Amsterdam? Copenhagen? Nope: NYC.

The first thing I thought of when I saw this photo was the famous H.G. Wells quote, "When I see an adult on a bicycle, I do not despair for the future of the human race." A city where distinguished gentlemen commute to work by bike is a city where I am happy to live. Of course, this city isn’t bad either. Go ahead and criticize this fellow’s mobile phone and lack of helmet in the comments section. But first ask yourself: Does this photo depict a stupid guy or stupid urban design? 

Snapped by BicyclesOnly at the intersection of Fifth Avenue and 58th Street in Manhattan.

  • It’s all about risk and the perception of risk.

    In the UK, parental paranoia, (largely) induced by media reports of ‘stranger danger’, means that significantly fewer children walk or cycle to school than they did 20 years ago. Far fewer are allowed out to play.

    So we have more obesity, a generation of children for whom being driven ‘everywhere’ is ‘normal’. Consequently they are far less aware of traffic dangers (as pedestrians – never mind as cyclists.)

    The abduction and murder rates for young people are unchanged – AND (statistically) if they are victims it’s likely to be a, known, family member.

    Everyone has a duty to themselves to be careful – whether it’s walking, cycling, driving, playing sport or cooking. (Drinking and setting houses on fire with chip pans is fairly common…)

    If people are cycling/driving faster than the conditions justify, putting faith in a helmet is perhaps not the answer.

    If poor road surfaces are an issue, campaign harder.

    I don’t want to be seen to be trivialising this with a tragedy –

    but things happen.

    Wear a helmet if you want – especially if you consider the risks you take justify it.

    But be consistent. Do you use seat belts in taxis, buses, the subway? If they don’t have airbags would you wear a helmet.

    Do you wear a stab vest on the street?

    People in places with lots of cyclists tend not to wear helmets.

    Are they –

    a) foolish

    b) deluded

    c) more skilled

    d) slower

    e) better segregated from traffic

    f) cycling amongst motorist who cycle

    g) enjoy better maintained roads/paths

    h) other

    i) a combination of the above

    I don’t know the answer though I suspect it might be i)

  • Regarding comment 42, bicycles are now not allowed on front bus racks anywhere in the EU because new-EU wide rules state that buses and coaches have to have some passive pedestrian protection. This means smooth fronts, with no protrusions, also anti over-ride protection on some coaches. (The racks are not dis-allowed by name). Some trams now have softer ends, but I am not sure if that will be incorporated into bus designs.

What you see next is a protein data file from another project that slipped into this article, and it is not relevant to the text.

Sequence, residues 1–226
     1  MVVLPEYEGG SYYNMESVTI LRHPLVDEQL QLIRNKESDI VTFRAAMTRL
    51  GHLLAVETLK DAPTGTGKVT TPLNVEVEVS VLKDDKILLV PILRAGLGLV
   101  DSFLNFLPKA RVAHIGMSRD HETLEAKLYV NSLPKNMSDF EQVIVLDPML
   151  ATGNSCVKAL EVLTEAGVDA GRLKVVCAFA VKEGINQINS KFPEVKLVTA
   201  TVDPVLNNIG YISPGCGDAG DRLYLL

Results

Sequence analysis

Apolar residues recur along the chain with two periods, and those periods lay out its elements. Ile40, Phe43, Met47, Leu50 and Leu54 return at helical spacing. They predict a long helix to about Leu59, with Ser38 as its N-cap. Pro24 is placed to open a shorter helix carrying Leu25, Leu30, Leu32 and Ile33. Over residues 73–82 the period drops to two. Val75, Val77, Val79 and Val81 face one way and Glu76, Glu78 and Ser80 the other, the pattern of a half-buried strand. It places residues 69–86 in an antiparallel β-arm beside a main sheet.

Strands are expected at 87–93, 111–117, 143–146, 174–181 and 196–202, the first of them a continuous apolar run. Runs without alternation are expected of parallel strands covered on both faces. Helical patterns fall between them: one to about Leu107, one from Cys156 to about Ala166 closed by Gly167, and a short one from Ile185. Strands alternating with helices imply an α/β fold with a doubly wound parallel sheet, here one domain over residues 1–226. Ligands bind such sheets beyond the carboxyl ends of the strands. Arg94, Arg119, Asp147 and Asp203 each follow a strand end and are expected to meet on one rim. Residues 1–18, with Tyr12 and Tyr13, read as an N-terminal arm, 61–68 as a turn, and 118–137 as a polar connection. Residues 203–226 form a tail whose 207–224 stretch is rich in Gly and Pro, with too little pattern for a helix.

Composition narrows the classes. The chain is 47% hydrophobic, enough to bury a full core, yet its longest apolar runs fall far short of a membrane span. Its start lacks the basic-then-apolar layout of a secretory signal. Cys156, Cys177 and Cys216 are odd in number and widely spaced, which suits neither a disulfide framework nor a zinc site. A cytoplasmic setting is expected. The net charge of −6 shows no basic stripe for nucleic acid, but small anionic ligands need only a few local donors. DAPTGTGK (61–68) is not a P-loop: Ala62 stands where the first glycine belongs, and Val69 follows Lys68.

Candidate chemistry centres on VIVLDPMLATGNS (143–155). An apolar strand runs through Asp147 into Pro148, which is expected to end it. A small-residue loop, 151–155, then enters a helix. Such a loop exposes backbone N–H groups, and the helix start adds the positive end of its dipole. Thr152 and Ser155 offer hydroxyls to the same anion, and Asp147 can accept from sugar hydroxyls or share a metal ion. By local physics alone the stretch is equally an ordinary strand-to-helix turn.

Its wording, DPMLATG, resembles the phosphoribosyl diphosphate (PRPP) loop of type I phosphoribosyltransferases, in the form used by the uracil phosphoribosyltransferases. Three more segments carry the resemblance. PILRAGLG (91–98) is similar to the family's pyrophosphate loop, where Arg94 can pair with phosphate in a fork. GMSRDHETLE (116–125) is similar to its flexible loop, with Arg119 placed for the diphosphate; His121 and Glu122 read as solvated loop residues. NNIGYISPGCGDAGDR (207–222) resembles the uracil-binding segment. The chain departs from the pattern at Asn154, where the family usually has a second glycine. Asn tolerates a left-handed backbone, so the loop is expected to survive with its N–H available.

However, I know from lots of discussions that in the places in Canada and the USA where the racks are used there is no measurable amount of bus vs. vulnerable road user injury or deaths determined to be caused by the racks.

    European cyclists oppose the racks, too. Someone from Fietserbond in the Netherlands asked me how he could be for front bus racks when he was against bull-bars on cars and SUVs. I responded that front bus racks serve a purpose.

    In other words, I would think that the health benefits alone of having more people riding and less using cars would outweigh any projected health cost (injuries and deaths, plus effects of tailpipe emissions and noise). That is the basis for a research project I am trying to organize.

    Compared to Canada and the USA, there are more options for bicycle carriage on transit here, to be precise, there are proportionately more trams, light-rail and but subways which allow it. Still, many medium-sized and smaller towns all over Europe are only served by buses, and bringing full-size bikes inside is not always possible due to space. Some larger cities like Budapest and Prague also have very hilly areas.

    In case the front bike rack solution is not accepted here, I am working on other ideas.

    The best solution of course is reduce crowding of public transport vehicles. This also makes things easier for people with prams and with mobility restrictions.

  • Duh. What I meant to say was that racks are not allowed. No racks = no bikes on the front.

  • Tom

    Yup, that’s ME. I do happen to get to work every day on this bike. And I must admit that I do not wear a helmet. My usual route is through Central Park until 59th St, and then go straight down 5th Avenue. The buses travel on the right lane, so I use the left lane. The main problem is people who turn left without looking. But I am always on the lookout for them, and for people opening car doors. Otherwise, since I typically do not go much faster than a fast jogger, I feel quite safe. That said, I wouldn’t recommend this for everyone. Some day, I hope the city will consider a bike lane on 5th Avenue, through the heart of the city. Plus, lots of strategically placed high-tech, camera-monitored, bike racks, so that you don’t risk getting your nice bike stolen (mine is not the kind of bike anyone would want to steal!). I love our Mayor, but that might be a good alternative to his Congestion Pricing Plan as a way to get more cars off NYC’s midtown streets.